In a bid to make housing more affordable, the task force recommended that the town encourage banks to work with real estate agents to offer a program to qualified year-round residents for properties under $400,000 before those properties are added to real estate listings. The town might also consider establishing a down payment assistance program for residents who are able to pre-qualify for a traditional mortgage but who cannot afford a 20 percent down payment. Dykens offered to approach at least one local bank about taking part in those initiatives.
Under the category of “civic vibrancy,” the task force recommended carefully reviewing ways that town meetings could be made more inclusive for working families, either by scheduling changes or through the use of technology. “We need to work toward developing a committee for that,” Davis said.
In addition to a senior center with inter-generational activities, the task force recommended creation of a community pool that would serve people of all ages. “Pools are expensive, and expensive to run,” Cocolis said. The board decided to reach out to the YMCA for an update on its previously announced plans to build a pool in Harwich.
The task force also recommended taking steps to improve communication between year-round residents and seasonal homeowners, helping summer residents better understand the challenges of living here full-time.
Luther Bates, chairman of the economic development committee, urged selectmen to divide up the suggestions and assign them to others. “I think it’s imperative that we start to delegate,” he said. Bates recommended identifying groups to work on each recommendation, and having them report back in 90 days with a plan for implementation. Doing so is “the key to getting a complex problem accomplished,” he said. Bates said his group has volunteered to analyze a proposal to provide tax breaks for people with year-round rentals.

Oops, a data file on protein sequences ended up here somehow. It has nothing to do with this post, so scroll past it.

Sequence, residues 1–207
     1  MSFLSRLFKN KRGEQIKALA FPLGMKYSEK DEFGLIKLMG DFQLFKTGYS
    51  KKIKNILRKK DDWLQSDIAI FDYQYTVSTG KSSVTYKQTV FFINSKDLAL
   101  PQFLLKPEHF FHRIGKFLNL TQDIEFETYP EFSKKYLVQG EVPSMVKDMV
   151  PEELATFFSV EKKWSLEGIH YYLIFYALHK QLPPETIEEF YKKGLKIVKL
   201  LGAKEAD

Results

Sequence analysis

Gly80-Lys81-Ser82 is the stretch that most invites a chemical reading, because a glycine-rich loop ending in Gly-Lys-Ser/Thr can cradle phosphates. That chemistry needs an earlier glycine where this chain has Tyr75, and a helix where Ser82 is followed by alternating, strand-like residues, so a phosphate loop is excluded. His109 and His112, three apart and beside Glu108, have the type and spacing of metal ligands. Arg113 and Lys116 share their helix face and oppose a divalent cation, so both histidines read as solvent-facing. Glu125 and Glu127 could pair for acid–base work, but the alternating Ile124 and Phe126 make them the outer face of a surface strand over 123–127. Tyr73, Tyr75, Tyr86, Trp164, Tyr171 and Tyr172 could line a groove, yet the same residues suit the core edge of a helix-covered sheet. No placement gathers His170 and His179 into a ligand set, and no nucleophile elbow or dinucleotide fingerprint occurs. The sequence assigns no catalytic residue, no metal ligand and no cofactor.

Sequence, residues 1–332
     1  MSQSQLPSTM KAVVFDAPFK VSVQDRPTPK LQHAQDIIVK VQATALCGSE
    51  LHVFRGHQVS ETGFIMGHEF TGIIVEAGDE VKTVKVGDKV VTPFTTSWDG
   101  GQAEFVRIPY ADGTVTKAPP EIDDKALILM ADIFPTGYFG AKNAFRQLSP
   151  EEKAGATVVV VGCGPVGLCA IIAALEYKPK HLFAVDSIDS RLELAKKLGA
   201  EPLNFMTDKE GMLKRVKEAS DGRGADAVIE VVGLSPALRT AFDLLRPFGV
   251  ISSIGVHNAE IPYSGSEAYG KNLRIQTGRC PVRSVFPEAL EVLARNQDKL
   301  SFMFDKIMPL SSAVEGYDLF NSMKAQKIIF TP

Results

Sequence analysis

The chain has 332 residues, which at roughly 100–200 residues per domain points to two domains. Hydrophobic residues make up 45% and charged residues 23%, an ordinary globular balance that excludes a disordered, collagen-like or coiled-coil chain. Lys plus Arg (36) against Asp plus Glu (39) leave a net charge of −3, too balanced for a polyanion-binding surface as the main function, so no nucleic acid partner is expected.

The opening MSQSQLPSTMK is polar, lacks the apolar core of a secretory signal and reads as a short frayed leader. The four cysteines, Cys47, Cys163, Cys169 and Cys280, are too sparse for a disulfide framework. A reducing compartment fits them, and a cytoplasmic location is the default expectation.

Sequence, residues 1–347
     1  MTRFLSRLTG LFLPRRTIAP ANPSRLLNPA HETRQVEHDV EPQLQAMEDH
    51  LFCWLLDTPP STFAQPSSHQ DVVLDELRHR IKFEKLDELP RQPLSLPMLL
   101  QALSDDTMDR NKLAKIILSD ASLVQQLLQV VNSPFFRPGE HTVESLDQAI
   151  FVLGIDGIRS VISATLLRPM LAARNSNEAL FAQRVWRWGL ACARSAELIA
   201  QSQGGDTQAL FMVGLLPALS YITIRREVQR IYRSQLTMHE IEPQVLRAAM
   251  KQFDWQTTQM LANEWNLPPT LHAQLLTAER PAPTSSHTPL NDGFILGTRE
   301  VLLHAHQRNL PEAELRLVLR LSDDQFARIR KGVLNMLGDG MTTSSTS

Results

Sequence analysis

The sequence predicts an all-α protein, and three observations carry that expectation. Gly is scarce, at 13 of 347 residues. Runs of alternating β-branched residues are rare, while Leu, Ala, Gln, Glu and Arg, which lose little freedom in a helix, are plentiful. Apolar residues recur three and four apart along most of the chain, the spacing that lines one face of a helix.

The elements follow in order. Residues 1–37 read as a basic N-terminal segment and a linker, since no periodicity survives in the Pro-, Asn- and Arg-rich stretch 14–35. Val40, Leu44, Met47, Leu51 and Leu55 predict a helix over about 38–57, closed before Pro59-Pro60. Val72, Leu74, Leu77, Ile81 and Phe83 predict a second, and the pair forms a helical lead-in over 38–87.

Bates also recommended creating a task force to consider a new vision for town meeting.
“We agree,” Davis said.
Former task force member Danielle Tolley said the effort needs a guiding document in the form of a community sustainability plan.
“I urge you to see that as really, really critical,” she said. Funds are now being sought for a consultant to convene a visioning session that might generate such a plan. But the document would need to look holistically at the problems of year-round residents, not just affordable housing or job creation. “We’re not just talking about one or two aspects of sustainability,” Tolley said.
Resident Stephen Buckley agreed on the need for a plan and a dedicated committee to track its progress. Otherwise, it risks having components that are never implemented, like parts of the town’s current long-range comprehensive plan.
Town Manager Jill Goldsmith said she would revise a chart showing progress on the various suggestions and bring it back to the board of selectmen for consideration as soon as possible.